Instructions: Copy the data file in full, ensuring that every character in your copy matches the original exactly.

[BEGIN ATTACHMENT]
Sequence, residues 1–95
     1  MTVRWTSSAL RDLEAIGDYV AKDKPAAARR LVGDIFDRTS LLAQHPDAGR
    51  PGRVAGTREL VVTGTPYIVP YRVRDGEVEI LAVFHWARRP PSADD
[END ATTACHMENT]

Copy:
Sequence, residues 1–95
     1  MTVRWTSSAL RDLEAIGDYV AKDKPAAARR LVGDIFDRTS LLAQHPDAGR
    51  PGRVAGTREL VVTGTPYIVP YRVRDGEVEI LAVFHWARRP PSADD